While living in Venice in 1816, Byron became acquainted with a Mechitarist (Armenian Catholic) priest who introduced him to Armenian culture. Fascinated, Byron attended lectures on Armenian history and learned the Armenian language.
He would help introduce Armenian culture to Western Europe and publicly support Armenia's struggle for independence against the Ottoman Empire. Since the Armenians were largely Christian, the Muslim Ottomans oppressed them ruthlessly.
So, in August of 1823, when Byron learned of Greece's struggle against the Ottomans, he set sail for Kefalonia in the Ionian Islands. His first mission was to help rebuild the Greek naval fleet, and he spent £4000 of his own money (the equivalent of £72,000 in today's money) to prepare the fleet for war.
By December, he joined Alexandros Mavrokordatos, to whom the Greek military was loyal, in Messolonghi. After he and Mavrokordatos supervised the training of the troops, Byron was given command of a regiment. The plan was to attack the Turkish-held fortress of Lepanto, located at the mouth of the Gulf of Corinth.
Before the fleet could set sail for Lepanto, Byron fell ill. Although the bloodletting treatment (it was thought that draining a patient of small quantities of blood would speed up the healing process) weakened him further, he began to recover. By April, he caught a nasty cold which was aggravated by more bloodletting.
Lord Byron lapsed into a violent fever and died on April 19th. He was 36 years old. It is believed that Byron contracted sepsis (blood poisoning) as the result of bloodletting treatments performed with unsterilized medical instruments.
After he died, Greece's national poet, Dionysios Solomos, wrote a poem in his honor called To the Death of Lord Byron. His body was embalmed, his heart and lungs were removed, and the rest of his remains were sent to England.
The fate of Byron's heart and lungs is unclear. An urn containing the ashes of both organs was supposedly lost when the city of Messolonghi was sacked by the Ottomans in 1825. Some believe that the urn only contained the ashes of Byron's lungs, and that his heart is still in Messolonghi.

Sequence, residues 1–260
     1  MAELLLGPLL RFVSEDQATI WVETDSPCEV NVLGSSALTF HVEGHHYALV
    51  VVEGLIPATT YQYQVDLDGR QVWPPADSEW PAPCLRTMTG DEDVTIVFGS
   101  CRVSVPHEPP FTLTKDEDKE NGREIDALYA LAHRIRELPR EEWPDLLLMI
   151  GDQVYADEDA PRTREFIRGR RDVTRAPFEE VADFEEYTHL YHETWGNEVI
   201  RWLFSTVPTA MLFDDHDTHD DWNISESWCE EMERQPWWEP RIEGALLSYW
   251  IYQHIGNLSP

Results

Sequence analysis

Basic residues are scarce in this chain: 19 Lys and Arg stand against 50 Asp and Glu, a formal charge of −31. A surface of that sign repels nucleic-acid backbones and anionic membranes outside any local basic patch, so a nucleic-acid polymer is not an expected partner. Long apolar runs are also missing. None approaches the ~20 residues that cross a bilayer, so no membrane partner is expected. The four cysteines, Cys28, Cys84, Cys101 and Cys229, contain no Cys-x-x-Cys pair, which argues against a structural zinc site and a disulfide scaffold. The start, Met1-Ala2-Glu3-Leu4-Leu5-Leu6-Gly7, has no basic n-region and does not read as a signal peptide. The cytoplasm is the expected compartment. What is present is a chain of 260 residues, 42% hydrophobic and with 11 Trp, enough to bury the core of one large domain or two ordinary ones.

To this day, he is considered a national hero in Greece. It has been said that had he lived and led his men to victory against the Ottomans, he might have become the King of Greece, but that's highly unlikely.
When news of Lord Byron's death reached England, people were shocked and saddened despite the scandals that had plagued him in life. Huge crowds came to pay their respects as he lay in state in London. Byron was denied a Christian burial at Westminster Abbey for reason of "questionable morality."
He would later be buried at the Church of St. Mary Magdalene in Hucknall, Nottingham. At her request, Ada Lovelace, the love child he never knew, was buried next to him.
Ada became famous in her own right for her collaboration with Charles Babbage on the analytical engine, a precursor to the computer.
After his burial, Byron's friends raised a thousand pounds for a statue of him to be made by legendary Danish sculptor Bertel Thorvaldsen - an admirer of Byron's.
The statue would languish in storage for ten years, as most British institutions refused to host it on their premises. Finally, his alma mater, Trinity College, Cambridge, agreed to place the statue in its library.
Quote Of The Day
"Those who will not reason are bigots, those who cannot are fools, and those who dare not are slaves." - Lord Byron
Today's video features a reading of Lord Byron's classic poem, Darkness. Enjoy!